It’s important to realize that in everything we do, there’s always a chance that we’ll fail. Facing that chance, and embracing it, is not only courageous – it also gives us a fuller, more rewarding life.
However, here are a few ways to reduce the fear of failing:
Analyze all potential outcomes – Many people experience fear of failure because they fear the unknown. Remove that fear by considering all of the potential outcomes of your decision.
Learn to think more positively – Positive thinking is an incredibly powerful way to build self-confidence and neutralize self-sabotage. Thought Awareness, Rational Thinking, and Positive Thinking are comprehensive resource for learning how to change your thoughts.
Look at the worse-case scenario – In some cases, the worst case scenario may be genuinely disastrous, and it may be perfectly rational to fear failure. In other cases, however, this worst case may actually not be that bad, and recognizing this can help.
Have a contingency plan – If you’re afraid of failing at something, having a “Plan B” in place can help you feel more confident about moving forward.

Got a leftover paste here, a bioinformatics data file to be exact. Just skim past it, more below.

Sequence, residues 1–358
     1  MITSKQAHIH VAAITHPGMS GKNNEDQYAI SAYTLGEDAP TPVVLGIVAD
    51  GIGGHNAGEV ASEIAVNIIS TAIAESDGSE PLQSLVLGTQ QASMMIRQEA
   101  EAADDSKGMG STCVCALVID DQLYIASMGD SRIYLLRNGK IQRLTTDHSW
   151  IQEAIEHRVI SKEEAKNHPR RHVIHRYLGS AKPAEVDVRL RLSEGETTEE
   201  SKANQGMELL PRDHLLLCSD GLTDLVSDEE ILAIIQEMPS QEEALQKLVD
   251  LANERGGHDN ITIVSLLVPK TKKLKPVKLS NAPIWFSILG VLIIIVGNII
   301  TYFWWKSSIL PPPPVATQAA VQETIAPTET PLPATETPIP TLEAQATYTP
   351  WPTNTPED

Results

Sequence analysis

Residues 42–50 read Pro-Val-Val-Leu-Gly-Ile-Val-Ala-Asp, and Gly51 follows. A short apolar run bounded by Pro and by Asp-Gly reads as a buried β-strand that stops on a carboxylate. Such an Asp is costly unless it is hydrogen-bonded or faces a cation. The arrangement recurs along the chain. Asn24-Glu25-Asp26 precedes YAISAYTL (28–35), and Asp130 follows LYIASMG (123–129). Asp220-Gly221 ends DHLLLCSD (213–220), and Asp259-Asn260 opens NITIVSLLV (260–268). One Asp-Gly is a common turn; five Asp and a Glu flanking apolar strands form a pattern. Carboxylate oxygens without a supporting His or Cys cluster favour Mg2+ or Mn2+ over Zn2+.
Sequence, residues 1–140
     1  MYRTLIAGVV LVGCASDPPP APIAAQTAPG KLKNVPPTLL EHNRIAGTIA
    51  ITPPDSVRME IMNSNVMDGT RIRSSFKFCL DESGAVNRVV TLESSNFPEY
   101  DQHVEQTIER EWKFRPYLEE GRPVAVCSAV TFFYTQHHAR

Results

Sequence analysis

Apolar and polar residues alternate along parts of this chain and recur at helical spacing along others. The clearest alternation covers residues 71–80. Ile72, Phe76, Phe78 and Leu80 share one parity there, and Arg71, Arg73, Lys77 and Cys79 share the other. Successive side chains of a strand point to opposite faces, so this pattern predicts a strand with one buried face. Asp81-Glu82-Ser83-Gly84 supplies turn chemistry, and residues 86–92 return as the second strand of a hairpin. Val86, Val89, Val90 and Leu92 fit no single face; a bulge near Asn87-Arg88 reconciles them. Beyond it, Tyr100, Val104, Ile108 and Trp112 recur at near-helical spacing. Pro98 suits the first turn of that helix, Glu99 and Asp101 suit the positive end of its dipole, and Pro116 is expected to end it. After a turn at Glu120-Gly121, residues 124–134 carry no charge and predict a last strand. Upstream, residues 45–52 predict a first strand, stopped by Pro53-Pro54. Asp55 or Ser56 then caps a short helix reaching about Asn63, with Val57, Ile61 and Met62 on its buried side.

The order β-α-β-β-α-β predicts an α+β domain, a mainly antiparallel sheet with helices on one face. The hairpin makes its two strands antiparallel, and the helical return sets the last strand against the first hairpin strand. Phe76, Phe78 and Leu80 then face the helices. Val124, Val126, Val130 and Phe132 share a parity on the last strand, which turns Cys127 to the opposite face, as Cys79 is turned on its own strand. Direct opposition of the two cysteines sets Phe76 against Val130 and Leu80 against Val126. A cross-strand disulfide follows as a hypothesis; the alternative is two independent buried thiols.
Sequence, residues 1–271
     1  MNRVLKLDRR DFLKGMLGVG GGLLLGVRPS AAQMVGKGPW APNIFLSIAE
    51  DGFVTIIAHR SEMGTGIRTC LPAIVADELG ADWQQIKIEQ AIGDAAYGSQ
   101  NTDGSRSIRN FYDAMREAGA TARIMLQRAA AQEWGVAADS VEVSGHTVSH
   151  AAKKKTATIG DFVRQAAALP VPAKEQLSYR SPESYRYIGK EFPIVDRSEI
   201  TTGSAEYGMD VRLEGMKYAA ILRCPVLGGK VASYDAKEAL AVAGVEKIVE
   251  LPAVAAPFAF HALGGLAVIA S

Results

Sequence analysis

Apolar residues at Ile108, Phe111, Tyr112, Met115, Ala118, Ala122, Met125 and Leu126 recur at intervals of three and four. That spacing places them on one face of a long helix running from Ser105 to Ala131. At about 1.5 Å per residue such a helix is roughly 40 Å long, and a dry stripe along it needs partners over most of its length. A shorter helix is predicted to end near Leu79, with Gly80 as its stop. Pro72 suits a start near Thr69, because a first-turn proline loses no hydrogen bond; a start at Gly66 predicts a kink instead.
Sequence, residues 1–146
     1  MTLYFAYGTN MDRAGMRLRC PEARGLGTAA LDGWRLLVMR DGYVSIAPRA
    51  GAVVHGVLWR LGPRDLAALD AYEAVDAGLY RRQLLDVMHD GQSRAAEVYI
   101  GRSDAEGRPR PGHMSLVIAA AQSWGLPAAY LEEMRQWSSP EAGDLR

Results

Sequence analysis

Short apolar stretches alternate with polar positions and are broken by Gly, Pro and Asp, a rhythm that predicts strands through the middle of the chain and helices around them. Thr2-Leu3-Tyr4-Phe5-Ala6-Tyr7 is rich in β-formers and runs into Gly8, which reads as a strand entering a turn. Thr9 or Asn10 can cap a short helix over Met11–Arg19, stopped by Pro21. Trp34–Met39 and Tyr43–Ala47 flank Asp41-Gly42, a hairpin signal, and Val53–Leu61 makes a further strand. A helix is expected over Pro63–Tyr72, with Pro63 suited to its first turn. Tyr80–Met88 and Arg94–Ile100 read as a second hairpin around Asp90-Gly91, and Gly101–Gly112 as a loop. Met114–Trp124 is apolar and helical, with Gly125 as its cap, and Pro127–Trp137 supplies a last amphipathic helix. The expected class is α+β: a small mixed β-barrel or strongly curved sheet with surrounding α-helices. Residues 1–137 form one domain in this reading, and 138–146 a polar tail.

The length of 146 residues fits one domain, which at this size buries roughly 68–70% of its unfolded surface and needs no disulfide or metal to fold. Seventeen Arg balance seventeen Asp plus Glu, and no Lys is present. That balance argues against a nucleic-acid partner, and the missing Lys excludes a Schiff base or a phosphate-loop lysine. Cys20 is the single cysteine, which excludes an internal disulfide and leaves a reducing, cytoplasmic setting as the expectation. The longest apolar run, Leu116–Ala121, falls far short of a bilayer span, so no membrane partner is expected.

How to Stop Living in Fear
If you are afraid of failure, you might be uncomfortable setting goals. But goals help us define where we want to go in life. Without goals, we have no sure destination.
Many experts recommend visualization as a powerful tool for goal setting. Imagining how life will be after you’ve reached your goal is a great motivator to keep you moving forward.
However, visualization might produce the opposite results in people who have a fear of failure. Research shows that people who have a fear of failure were often left in a strong negative mood after being asked to visualize goals and goal attainment.
So, what can you do instead?
Start by setting a few small goals. These should be goals that are slightly, but not overwhelmingly, challenging. Think of these goals as “early wins” that are designed to help boost your confidence.
For example, if you’ve been too afraid to talk to the new department head (who has the power to give you the promotion you want), then make that your first goal. Plan to stop by her office during the next week to introduce yourself.
Or, imagine that you’ve dreamed of returning to school to get your MBA, but you’re convinced that you’re not smart enough to be accepted into business school. Set a goal to talk with a school counselor or admissions officer to see what’s required for admission.
Try to make your goals tiny steps on the route to much bigger goals. Don’t focus on the end picture: getting the promotion, or graduating with an MBA. Just focus on the next step: introducing yourself to the department head, and talking to an admissions officer. That’s it.
Taking one small step at a time will help build your confidence, keep you moving forward, and prevent you from getting overwhelmed with visions of your final goal.
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